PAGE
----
Precision Time Protocol synchronization capable LWIR GigE camera

Synchronized LWIR

Precision Time Protocol synchronization capable LWIR GigE camera

The LWIR GigE camera Calibir DXM640 covers wavelengths from 8 to 14µm and is PTP synchronization capable.

The Calibir DXM640 uncooled LWIR camera offers shutterless imaging in a frontal form factor of 29x32mm. (Image: Teledyne Dalsa Inc.)

Thermal infrared imaging has been around for decades. Until recently, the high production cost of detectors for un-cooled thermal imagers (called microbolometers) have limited the technology almost exclusively to high-paying defense clients. New technological developments in the last few years have propelled this capability to the commercial market in the form of a small cell phone attached or handheld devices made for whole scene temperature measurements and inspection. These are quickly gaining popularity in applications such as house inspection, water damage detection, electrical installations preventive maintenance and many others. A microbolometer works much like older rolling shutter CCDs. The signal is integrated over a period for one line, then the next, then the next, one line at a time, until you have a full frame. For this reason, it is difficult to implement the standard machine vision-oriented features typically encounter on the machine vision market like asynchronous reset triggers and precise time protocol-based camera synchronization. The long wave infrared (LWIR) camera Calibir DXM640 offers these types of capabilities and comes equipped with an updated feature set for improved image enhancement. The microbolometer-based platform covers wavelengths from 8 to 14µm and offers a variety of lenses. With VGA resolution, standard GigE interface, and on-board processing features, the cameras serve a wide range of uncooled industrial imaging applications. It comes with an internal shutter for increased reliability and image quality, although it can also be used shutterless using the factory calibration image correction. The camera is Precision Time Protocol (PTP) synchronization capable allowing for an array of cameras to be synchronized together through an Ethernet network. Teledyne Dalsa have worked around the limitations of microbolometer technology to allow machine vision clients to capture short lived thermal moments and reduce inspection time. This allows users to push the limits of the pixel response time to scene changes and capture short-lived events like a thermal pulse traveling through a diode as a result of a pulsed current event.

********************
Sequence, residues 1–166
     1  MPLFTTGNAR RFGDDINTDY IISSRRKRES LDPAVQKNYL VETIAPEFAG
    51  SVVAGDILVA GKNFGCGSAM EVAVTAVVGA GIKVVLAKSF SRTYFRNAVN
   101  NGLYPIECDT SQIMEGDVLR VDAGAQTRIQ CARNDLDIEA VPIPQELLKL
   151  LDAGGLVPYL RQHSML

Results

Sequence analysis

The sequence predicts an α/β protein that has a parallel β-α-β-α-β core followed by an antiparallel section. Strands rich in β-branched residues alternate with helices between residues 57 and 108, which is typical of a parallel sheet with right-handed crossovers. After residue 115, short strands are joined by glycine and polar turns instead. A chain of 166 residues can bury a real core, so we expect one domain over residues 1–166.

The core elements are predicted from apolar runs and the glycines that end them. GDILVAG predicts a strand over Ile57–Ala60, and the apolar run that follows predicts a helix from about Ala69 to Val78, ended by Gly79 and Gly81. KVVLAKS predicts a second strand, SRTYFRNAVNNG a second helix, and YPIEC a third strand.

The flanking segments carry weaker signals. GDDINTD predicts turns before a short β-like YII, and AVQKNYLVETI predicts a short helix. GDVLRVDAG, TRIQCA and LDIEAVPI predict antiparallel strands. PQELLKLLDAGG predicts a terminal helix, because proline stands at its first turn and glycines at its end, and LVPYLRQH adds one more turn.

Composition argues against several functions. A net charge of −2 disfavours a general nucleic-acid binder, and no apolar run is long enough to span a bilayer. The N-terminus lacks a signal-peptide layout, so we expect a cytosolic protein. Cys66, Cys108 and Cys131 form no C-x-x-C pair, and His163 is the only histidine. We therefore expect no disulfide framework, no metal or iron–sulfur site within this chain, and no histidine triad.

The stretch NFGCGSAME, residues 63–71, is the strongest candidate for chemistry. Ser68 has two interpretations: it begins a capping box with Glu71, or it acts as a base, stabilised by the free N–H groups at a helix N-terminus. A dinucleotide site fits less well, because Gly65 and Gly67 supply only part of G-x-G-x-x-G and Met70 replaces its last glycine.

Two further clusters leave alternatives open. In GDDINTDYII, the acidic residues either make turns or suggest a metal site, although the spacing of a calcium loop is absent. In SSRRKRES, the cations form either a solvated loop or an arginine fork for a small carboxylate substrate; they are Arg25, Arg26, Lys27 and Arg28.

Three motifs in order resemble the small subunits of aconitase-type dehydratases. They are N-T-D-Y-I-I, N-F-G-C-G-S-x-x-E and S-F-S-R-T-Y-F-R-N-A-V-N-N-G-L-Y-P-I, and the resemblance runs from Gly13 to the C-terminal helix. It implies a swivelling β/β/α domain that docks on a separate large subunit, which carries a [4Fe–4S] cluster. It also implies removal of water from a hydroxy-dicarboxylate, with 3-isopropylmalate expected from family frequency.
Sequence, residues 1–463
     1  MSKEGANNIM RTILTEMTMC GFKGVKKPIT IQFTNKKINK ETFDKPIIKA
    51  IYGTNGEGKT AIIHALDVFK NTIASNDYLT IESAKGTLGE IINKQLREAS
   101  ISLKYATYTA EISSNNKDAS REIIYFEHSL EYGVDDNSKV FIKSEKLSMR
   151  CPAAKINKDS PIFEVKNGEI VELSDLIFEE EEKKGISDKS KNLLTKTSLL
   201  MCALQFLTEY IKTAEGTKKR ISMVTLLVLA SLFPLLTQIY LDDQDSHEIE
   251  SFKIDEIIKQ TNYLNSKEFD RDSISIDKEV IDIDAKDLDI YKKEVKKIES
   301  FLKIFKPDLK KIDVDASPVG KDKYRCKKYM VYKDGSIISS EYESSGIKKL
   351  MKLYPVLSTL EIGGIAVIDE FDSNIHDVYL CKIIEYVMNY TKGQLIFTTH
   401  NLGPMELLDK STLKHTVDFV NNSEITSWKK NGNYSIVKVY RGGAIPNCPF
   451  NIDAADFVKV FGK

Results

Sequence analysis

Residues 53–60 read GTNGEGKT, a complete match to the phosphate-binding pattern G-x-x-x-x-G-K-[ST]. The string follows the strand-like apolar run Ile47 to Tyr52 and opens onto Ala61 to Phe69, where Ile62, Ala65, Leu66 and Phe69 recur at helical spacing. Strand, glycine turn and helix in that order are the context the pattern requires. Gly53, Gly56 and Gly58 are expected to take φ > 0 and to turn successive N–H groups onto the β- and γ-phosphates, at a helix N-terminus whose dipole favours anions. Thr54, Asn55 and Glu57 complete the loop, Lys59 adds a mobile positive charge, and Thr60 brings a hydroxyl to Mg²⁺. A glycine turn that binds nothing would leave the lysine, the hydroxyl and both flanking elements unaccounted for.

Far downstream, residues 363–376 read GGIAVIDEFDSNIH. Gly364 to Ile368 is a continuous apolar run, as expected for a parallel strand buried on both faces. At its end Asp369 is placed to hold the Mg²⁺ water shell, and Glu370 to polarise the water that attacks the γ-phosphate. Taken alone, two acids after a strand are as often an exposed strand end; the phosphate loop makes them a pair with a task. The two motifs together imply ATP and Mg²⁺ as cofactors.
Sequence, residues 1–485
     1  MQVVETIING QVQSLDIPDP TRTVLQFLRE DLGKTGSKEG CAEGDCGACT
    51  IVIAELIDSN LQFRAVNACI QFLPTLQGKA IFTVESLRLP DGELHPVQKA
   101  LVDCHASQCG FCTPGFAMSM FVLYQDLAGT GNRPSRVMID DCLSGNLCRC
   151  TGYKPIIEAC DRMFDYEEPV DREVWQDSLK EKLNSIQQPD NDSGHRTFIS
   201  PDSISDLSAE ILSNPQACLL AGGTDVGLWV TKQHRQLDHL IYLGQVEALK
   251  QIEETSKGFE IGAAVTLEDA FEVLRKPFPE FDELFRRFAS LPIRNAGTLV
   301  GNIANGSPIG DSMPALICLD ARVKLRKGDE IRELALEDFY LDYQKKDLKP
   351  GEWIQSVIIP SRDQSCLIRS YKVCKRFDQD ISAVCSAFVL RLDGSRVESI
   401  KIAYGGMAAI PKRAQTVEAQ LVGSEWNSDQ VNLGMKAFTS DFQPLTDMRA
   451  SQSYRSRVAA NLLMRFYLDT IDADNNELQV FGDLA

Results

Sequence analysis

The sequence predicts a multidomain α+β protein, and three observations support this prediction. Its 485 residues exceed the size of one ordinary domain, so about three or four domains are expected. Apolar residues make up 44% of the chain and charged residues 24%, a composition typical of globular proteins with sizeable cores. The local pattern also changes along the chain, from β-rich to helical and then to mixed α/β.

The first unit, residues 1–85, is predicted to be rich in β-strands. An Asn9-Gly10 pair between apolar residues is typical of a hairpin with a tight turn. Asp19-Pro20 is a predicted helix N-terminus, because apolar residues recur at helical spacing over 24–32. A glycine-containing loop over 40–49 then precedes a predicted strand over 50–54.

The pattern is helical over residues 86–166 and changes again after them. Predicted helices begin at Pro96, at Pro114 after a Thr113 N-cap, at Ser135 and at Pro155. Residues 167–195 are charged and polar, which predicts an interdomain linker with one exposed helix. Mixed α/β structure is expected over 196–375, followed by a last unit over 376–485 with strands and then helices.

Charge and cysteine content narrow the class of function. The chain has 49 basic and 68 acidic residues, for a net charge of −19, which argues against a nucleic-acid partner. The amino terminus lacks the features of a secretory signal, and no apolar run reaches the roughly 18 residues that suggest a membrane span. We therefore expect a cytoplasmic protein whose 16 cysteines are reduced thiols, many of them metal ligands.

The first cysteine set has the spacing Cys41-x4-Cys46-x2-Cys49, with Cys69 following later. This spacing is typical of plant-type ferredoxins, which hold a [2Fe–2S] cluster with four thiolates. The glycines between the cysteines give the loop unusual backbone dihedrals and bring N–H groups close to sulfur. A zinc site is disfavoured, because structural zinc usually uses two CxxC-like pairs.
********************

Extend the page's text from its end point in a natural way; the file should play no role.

Thematik: Allgemein
Teledyne Dalsa Inc.
www.teledynedalsa.com

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